Experts say that having people kill lanternflies is a short term strategy as scientists continue to develop long-term, sustainable solutions. But with thousands of insects already in the environment, will squashing a few bugs have any impact?

Eshenaur says that small efforts can play a big part in reducing the population—especially on a local scale. “One female spotted lanternfly can lay up to 40 egg masses,” he says. “Each one we step on has the potential of killing 40 with it.”

At the end of the day, though, spotted lanternflies are here to stay, and all efforts are on slowing down the insects’ reach rather than getting rid of them completely. “We don’t feel as though eradication is an option for this,” says Eshenaur. “It’s a pest we’ll learn to live with. We do hope to slow the spread to give us more time to learn about this.”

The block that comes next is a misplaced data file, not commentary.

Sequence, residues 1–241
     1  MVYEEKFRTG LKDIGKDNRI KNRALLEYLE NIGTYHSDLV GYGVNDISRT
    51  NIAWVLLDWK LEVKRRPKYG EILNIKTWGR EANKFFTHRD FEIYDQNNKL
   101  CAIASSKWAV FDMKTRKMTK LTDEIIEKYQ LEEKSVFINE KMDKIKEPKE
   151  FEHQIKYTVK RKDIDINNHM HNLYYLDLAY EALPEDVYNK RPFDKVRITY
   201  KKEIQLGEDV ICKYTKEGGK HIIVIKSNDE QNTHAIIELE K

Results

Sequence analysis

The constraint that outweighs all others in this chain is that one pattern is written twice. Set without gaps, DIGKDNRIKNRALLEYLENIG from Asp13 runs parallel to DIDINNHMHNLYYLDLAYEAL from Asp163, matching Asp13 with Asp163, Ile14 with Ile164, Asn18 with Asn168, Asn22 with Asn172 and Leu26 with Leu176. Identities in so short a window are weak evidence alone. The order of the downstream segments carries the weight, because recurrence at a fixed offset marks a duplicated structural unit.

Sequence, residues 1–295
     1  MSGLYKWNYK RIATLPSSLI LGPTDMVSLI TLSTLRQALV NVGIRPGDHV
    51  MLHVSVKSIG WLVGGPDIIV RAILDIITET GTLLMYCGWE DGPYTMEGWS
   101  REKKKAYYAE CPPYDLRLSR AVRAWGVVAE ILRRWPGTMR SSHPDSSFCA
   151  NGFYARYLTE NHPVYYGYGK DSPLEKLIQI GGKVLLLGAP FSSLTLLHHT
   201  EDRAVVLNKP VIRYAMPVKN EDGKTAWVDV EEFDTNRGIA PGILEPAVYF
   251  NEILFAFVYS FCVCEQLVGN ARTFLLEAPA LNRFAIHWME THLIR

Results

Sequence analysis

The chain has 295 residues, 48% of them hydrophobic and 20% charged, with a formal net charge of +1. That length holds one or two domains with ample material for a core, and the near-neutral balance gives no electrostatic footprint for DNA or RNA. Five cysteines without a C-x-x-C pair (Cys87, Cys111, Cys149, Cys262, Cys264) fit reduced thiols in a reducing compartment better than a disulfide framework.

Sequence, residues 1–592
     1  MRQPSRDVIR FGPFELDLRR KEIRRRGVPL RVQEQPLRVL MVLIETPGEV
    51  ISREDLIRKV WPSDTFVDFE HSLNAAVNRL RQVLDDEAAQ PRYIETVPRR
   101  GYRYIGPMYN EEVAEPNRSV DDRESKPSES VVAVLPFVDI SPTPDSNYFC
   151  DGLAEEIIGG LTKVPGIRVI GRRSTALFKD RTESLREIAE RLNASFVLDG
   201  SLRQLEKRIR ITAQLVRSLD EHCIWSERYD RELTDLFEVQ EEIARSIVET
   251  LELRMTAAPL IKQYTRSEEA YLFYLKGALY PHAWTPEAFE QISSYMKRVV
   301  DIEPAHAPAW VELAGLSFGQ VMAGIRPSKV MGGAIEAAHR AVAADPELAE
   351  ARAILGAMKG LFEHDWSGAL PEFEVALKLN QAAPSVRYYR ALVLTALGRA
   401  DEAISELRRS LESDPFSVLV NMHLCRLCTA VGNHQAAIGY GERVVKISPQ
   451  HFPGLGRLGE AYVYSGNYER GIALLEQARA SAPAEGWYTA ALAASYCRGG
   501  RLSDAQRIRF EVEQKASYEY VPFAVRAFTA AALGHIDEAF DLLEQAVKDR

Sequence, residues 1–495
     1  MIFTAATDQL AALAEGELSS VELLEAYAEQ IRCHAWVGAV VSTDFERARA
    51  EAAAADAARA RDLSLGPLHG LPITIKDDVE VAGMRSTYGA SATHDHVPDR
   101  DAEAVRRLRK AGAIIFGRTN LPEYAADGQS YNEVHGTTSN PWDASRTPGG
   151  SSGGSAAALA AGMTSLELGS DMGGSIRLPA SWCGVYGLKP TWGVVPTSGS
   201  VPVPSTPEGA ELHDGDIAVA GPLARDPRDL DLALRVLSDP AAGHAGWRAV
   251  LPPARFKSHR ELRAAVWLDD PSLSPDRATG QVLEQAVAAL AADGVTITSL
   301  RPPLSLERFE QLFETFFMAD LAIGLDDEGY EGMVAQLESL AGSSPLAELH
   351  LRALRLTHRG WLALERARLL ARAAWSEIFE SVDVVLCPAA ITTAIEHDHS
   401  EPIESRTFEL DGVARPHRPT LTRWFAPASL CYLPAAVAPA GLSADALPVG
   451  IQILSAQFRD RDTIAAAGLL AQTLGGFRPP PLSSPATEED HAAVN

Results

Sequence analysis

So while the insect may not be eradicated through the stomping of many feet, Urban adds that these efforts still help researchers. “People get very frustrated with invasive species, but anything they can do helps researchers buy time as we come up with better solutions,” she says. “It’s not futile.”

How to best get rid of spotted lanternflies

Spotted lanternflies can’t fly very far on their own, but have managed to spread by hitching rides with humans and vehicles, which is why Urban says it’s important to be vigilant about your surroundings and kill the insects or any egg masses if you see them. “If you don’t kill it, you’ll carry it,” she says. “They’re not great fliers, but they’re constantly moving.”

If you see a spotted lanternfly, report the sighting to local agricultural agencies. Urban notes that Penn State has published a guide filled with different ways to trap them—ranging from sticky bands to circle traps—but says there’s nothing wrong with a simple stomp. Just make sure to approach the insects from the top, she says: “If they’re going to try to escape from you, they’re going to jump up.”

And if the thought of bug guts isn’t appealing, Urban says there’s another option. “You can always collect it in your coffee cup and stick it in the freezer to knock it out fast.”

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Write to Simmone Shah at simmone.shah@time.com.